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Fantasy comes in….always. The worlds we create whether small-town, big-city or middle-earth-esque, are all products of imagination. Jim Butcher’s Chicago is like no one else’s Chicago. Every romance I’ve ever read (or written) is a work of fantasy to one extent or another. For example, I just watched the Veronica Mars movie last night. No one…I mean no one is that quick with the one liners. For those of you Lee Child fans, I very much doubt Jack Reacher travels without deodorant…only a toothbrush? Yeah, right. Fantasy, pure and simple.

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The best fiction involves defining identity, empathetic reaction—or lack thereof—and fantasy. So does  everyday life.

However you write, however you live, may your story (or stories) sing! And may spring come to Wisconsin sometime this year.

Leigh

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7 Responses to IDENTITY EMPATHY AND FANATASY

  1. I greatly enjoyed your post, Leigh! I too find that it’s challenging, when writing, to put clear thoughts into words, but those eureka moments that kindly present themselves make it all worth while. Thanks for posting and hopefully spring ceases to flirt with us soon!

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  2. E. Ayers says:

    Great post. There is a cycle to writing and it’s not as easy as everyone thinks it is. Sometimes it’s emotionally exhausting. But when the real and the fantasy mix together in just the right way, something magical really does happen.

    Hoping spring sprouts soon for you.

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    • leighmorgan1 says:

      Thanks, E.! We are hoping for some relief from this unforgiving winter. It’s hard to think about planting when the ground is still so frozen. The frost here is down about six feet…hard for those blooms to push through.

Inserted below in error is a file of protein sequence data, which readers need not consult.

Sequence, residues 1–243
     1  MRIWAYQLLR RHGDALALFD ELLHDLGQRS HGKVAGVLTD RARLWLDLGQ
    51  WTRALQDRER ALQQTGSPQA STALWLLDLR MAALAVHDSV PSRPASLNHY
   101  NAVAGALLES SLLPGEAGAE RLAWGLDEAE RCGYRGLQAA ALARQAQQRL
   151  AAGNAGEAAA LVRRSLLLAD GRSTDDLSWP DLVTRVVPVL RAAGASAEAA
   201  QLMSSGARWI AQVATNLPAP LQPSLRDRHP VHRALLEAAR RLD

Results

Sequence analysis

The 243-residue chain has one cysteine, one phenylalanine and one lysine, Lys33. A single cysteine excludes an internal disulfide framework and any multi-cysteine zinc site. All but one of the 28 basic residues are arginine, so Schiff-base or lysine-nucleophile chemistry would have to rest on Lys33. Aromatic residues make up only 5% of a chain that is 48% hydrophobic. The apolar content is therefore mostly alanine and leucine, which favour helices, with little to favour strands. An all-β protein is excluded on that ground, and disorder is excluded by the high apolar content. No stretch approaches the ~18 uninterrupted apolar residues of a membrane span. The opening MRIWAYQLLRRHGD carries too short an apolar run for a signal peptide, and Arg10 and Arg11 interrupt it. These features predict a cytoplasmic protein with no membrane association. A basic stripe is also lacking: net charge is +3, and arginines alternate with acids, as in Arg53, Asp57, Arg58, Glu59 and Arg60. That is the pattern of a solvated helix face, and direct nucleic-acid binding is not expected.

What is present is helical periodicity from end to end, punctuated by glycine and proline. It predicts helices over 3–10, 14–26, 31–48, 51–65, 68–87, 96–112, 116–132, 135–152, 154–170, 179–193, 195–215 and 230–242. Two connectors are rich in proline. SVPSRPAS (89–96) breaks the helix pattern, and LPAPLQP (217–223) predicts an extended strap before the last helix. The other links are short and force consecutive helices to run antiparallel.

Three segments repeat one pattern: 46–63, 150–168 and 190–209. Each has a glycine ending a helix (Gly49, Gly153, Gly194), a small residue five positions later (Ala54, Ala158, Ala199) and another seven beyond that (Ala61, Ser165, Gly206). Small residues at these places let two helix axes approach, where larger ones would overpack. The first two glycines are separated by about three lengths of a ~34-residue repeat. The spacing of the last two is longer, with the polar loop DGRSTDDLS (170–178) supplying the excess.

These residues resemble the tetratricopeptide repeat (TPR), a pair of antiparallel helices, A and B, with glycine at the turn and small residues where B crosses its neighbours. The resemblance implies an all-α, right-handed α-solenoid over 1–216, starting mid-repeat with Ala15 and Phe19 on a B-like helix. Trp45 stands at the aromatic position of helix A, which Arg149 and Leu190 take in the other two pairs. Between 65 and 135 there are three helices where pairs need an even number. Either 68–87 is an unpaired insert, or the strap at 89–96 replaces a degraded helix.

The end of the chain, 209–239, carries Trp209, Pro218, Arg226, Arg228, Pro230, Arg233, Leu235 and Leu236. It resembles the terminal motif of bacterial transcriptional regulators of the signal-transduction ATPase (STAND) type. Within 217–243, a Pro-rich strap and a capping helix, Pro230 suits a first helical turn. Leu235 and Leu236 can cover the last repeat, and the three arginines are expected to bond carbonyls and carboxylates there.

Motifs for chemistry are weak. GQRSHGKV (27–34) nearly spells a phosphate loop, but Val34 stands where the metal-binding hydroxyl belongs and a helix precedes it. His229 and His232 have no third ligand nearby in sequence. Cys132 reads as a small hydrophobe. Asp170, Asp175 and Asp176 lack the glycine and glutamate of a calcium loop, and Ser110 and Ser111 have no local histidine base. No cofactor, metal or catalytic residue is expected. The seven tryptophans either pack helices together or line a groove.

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  3. Joan Reeves says:

    I agree with your writing cycle analogy, but I must disagree about Jack Reacher. Any guy who wears the same set of clothes for days on end probably doesn’t worry too much about deodorant. *G* Just finished the audiobook of Bad Luck and Trouble. Someone steps on Reacher’s folding toothbrush and leaves it broken on the floor. For the rest of the book, he never goes out and buys a new toothbrush. *LOL* Ew!

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    • leighmorgan1 says:

      Joan, I LOVE Lee Child’s writing and his characterization. BAD LUCK & TROUBLE is beautifully written and a great reading ride, in fact, it’s one of my favorites. I can’t get over the Tom Cruise casting or the no socks and no new shirt (even if it’s Goodwill) addition to the items Reacher doesn’t bring with him. The deodorant is a non-starter for me, no matter how strong the Reacher character is on paper.

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  4. monarisk says:

    What an interesting post. Yes when I write I completely live in my characters’ heads, but when I describe the setting I am as close as possible to reality. In fact I can’t write about a place I don’t know inside out.